While most comments will be posted if they are on-topic and not abusive, moderating decisions are subjective. We will make them as carefully and consistently as we can. Because of the volume of reader comments, we cannot review individual moderation decisions with readers.

We value thoughtful comments representing a range of views that make their point quickly and politely. We make an effort to protect discussions from repeated comments either by the same reader or different readers

We follow the same standards for taste as the daily newspaper. A few things we won't tolerate: personal attacks, obscenity, vulgarity, profanity (including expletives and letters followed by dashes), commercial promotion, impersonations, incoherence, proselytizing and SHOUTING. Don't include URLs to Web sites.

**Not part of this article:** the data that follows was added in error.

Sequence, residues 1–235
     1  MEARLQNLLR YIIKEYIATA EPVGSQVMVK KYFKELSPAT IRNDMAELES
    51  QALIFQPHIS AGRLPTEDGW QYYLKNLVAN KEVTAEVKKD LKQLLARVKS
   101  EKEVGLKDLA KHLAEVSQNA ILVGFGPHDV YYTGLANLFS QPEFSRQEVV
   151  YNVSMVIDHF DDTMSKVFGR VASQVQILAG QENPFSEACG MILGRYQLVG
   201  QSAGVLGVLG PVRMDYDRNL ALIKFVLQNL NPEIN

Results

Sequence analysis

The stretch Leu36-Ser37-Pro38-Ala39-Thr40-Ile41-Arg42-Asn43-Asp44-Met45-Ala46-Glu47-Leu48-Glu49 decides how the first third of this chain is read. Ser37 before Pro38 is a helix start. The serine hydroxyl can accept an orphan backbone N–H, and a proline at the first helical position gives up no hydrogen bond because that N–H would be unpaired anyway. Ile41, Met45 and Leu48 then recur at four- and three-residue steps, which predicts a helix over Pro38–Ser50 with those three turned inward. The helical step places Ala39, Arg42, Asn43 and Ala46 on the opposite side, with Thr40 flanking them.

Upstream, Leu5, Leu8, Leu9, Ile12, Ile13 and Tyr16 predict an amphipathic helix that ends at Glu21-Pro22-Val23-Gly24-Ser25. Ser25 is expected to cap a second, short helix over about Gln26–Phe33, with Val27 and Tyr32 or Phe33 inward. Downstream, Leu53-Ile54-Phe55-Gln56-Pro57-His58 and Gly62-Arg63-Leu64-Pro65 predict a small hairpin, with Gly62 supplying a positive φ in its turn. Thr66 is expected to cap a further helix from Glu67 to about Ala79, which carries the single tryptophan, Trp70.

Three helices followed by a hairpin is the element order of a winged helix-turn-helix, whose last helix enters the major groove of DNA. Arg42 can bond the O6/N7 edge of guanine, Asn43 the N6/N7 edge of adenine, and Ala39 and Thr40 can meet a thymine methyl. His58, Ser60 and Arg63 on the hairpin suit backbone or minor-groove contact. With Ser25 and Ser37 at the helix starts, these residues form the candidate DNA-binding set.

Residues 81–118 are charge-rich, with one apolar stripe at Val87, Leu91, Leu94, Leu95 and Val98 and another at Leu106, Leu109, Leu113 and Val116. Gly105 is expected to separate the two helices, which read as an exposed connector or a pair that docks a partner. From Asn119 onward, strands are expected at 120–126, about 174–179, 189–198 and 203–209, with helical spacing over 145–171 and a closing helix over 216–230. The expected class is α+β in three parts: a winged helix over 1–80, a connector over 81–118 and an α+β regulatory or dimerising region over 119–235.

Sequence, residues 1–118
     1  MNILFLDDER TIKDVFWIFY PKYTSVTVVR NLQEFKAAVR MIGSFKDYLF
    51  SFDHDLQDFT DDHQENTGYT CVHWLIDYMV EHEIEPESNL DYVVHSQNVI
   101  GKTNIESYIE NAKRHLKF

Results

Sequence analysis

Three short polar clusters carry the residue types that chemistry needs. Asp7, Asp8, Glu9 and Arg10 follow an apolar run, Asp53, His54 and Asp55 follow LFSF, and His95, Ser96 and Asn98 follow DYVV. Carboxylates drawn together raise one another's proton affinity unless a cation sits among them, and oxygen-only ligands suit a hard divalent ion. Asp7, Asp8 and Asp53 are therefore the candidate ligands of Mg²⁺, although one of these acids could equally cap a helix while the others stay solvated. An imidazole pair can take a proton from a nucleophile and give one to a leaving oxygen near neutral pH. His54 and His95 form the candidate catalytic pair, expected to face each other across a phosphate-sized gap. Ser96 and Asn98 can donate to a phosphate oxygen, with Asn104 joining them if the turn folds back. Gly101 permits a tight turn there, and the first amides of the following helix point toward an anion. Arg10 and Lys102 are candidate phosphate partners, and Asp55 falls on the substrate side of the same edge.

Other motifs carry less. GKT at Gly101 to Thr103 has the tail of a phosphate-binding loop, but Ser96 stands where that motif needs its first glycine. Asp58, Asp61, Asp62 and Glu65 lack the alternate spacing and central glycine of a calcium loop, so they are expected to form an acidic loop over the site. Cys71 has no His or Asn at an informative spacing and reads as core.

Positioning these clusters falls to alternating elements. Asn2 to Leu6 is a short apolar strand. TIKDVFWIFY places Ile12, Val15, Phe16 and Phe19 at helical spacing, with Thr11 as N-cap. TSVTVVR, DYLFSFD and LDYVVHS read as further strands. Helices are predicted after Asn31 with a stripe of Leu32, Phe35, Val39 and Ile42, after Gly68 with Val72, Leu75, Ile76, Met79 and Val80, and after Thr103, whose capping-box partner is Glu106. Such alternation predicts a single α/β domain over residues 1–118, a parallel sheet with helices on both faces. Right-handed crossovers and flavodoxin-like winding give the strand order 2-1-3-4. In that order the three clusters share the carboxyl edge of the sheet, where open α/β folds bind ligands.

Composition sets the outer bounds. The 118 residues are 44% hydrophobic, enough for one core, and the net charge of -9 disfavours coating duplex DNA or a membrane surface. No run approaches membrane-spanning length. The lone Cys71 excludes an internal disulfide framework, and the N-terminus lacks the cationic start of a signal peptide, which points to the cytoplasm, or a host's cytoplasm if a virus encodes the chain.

We do not edit comments. They are either approved or deleted. We reserve the right to edit a comment that is quoted or excerpted in an article. In this case, we may fix spelling and punctuation.

We welcome strong opinions and criticism of our work, but we don't want comments to become bogged down with discussions of our policies and we will moderate accordingly.

We appreciate it when readers and people quoted in articles or blog posts point out errors of fact or emphasis and will investigate all assertions. But these suggestions should be sent via e-mail. To avoid distracting other readers, we won't publish comments that suggest a correction. Instead, corrections will be made in a blog post or in an article.